|dc.identifier.citation||Rogers, D. J. (2005). The metabolic response of huhu larvae, prionoplus reticularis (coleopteran : cerambycidae) to stress from elevated temperature and reduced oxygen (Thesis, Doctor of Philosophy (PhD)). The University of Waikato, Hamilton, New Zealand. Retrieved from https://hdl.handle.net/10289/13205||en
|dc.description.abstract||Huhu, Prionoplus reticularis White (Coleoptera: Cerambycidae), are native New Zealand borers of quarantine importance. Huhu do not attack living trees, although their eggs can be laid on freshly-felled timber and larvae may be found in older export timber. To control insect pests, many logs from New Zealand are currently fumigated with methyl bromide (MBr), which has led to research to find alternatives for this ozone-depleting chemical. Treatments using heat and controlled atmospheres require a large amount of insect mortality data, often collected on a trial and error basis, which is time consuming and expensive. Insect physiological responses to treatment stress may complement mortality studies. These physiological studies on huhu sought to determine how huhu larvae respond to stresses caused by elevated temperature and low oxygen atmospheres. The purpose was to identify metabolic responses in huhu that could assist with development of commodity, insect disinfestation strategies.
An artificial diet for huhu larvae was developed and tested for rearing uniform insects for physiological studies. Larvae were reared at 20 and 25°C and two day-lengths to identify suitable rearing conditions. The artificial diet was suitable for rearing huhu larvae at 20°C with either day-length. Rearing at 25°C shortened development time initially, but ultimately, larval weight decreased and many died.
Huhu larvae had standard and active metabolic rates at 20°C of 1.66 and 4.42 μmol.kg⁻¹.s⁻¹, respectively as measured by manometric compensatory respirometry. Larval metabolic rate increased 1.72 times in response to a 10°C increase in temperature, over the range of 20 to 42°C. At temperatures greater than 35°C, larval movement ceased, consistent with stress responses reported for other insects.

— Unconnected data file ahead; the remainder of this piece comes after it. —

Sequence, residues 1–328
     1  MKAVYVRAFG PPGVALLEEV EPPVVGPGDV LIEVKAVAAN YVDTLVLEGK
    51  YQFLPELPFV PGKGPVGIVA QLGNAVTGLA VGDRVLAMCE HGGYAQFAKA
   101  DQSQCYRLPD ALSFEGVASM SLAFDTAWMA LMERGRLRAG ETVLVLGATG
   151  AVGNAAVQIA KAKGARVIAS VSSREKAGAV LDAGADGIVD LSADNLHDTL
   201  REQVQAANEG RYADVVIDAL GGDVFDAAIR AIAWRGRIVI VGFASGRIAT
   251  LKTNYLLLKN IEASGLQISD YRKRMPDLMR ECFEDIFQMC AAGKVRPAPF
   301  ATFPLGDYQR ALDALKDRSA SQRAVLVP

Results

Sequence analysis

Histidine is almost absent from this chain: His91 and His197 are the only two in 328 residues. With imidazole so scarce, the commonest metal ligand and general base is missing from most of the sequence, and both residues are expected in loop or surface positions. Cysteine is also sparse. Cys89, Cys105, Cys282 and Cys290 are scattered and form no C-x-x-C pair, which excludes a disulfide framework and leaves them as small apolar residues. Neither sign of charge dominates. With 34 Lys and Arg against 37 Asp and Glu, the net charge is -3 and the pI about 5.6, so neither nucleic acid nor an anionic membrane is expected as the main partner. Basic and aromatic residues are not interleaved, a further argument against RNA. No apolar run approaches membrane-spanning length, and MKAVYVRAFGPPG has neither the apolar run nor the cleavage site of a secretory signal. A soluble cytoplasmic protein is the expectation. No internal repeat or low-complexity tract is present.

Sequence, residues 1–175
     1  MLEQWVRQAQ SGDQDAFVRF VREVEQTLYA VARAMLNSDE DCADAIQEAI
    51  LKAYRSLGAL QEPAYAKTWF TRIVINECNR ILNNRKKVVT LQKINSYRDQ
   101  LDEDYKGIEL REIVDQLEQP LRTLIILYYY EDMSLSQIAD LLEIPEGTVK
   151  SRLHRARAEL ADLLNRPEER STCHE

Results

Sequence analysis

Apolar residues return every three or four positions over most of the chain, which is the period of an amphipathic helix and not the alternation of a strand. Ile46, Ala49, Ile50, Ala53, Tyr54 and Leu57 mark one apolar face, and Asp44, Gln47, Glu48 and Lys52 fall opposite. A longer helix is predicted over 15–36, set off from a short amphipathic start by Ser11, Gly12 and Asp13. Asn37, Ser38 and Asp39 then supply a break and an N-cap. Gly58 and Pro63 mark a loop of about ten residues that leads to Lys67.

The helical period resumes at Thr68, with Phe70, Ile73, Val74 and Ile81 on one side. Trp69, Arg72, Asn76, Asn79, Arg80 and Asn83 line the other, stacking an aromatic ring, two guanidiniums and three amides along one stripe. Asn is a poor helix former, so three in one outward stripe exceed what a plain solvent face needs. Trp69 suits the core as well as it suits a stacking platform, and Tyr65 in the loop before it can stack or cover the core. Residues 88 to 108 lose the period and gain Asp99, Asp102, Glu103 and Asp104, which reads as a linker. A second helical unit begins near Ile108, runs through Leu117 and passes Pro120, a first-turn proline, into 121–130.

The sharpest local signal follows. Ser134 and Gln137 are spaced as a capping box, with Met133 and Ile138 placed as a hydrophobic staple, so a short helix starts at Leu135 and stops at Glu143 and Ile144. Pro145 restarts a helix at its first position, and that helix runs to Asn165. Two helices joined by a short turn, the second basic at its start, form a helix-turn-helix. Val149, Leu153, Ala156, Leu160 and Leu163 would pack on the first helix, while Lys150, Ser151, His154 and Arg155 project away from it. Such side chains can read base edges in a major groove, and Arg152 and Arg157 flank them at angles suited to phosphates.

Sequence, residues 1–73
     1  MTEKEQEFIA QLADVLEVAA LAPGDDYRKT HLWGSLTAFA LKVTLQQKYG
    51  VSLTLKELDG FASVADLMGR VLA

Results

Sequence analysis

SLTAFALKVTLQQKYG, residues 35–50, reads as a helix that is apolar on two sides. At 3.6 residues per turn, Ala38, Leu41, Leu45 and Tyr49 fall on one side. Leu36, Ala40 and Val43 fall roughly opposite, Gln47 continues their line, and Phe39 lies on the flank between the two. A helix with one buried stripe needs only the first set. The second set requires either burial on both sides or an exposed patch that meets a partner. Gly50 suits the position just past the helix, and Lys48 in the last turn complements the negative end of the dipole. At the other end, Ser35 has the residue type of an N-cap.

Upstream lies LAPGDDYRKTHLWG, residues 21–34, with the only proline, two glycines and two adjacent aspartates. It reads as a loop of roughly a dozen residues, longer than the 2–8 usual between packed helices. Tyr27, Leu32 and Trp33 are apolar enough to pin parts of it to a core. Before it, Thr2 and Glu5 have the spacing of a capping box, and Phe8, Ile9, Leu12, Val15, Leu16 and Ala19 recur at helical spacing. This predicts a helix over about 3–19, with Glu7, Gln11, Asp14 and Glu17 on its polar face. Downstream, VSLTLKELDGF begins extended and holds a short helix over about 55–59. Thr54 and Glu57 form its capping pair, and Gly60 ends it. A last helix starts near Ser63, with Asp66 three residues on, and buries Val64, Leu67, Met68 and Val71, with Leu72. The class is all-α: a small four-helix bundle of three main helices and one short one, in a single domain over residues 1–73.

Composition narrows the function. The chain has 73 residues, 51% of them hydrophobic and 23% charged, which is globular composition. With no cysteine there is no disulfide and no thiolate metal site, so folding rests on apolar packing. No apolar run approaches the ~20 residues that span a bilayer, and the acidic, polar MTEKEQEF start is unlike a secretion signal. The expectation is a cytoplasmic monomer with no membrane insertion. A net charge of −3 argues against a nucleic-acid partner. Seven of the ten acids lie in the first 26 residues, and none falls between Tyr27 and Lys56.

An automated gas analysis system was constructed and calibrated, which redirected the focus of planned research using the manometric system. SMR for huhu at 20- 40°C was lower than predicted values, but within the range of non-flying adult coleopterans and had a mass exponent between 0.62 and 0.67. The respiratory quotient (RQ) increased with temperature, suggesting a shift from metabolising fat to include other substrates. Activity increased larval metabolism but RQ was independent of activity at 20°C. Temperature sensitivity was similar when measured by gas analysis or manometrically.
Huhu oxygen consumption ( ṀO₂ ) and carbon dioxide production ( ṀCO₂ ) were measured with the automated gas analysis system. .When larvae were exposed to extreme constant temperatures, 35-45°C, larval ṀO₂ increased until a critical temperature (42/43°C) resulted in falling ṀO₂ , which was exacerbated by time. ṀCO₂ reached a thermal maximum, suggesting the elimination of carbon dioxide may be a limiting factor. These changes in metabolism were consistent with mortality studies on huhu exposed to heat. Larval ṀCO₂ was reduced in 1.8% oxygen and movement ceased, suggesting huhu use metabolic depression to survive hypoxia. Recovery from anoxia increased ṀO₂ as larvae repaid an oxygen debt.
Huhu haemolymph pH and lactate levels were measured after exposure to stress. Extreme temperature, reduced oxygen atmospheres and their combinations increased anaerobiosis, indicated by increased haemolymph acidosis and lactate. The metabolic response depended on the severity of the atmosphere-temperature treatment and exposure time.
This study has successfully measured the metabolism of a larval cerambycid, and added valuable knowledge to the relative paucity of studies in this subject area. In response to stress, huhu larvae can utilise anaerobic pathways leading to severe acidosis with large amounts of lactate, in contrast to much of the published literature. The respiratory responses and increased anaerobic respiration found in this study, when an insect is exposed to stress, will assist the development of commodity disinfestation protocols and will contribute to a reduction the use of MBr.||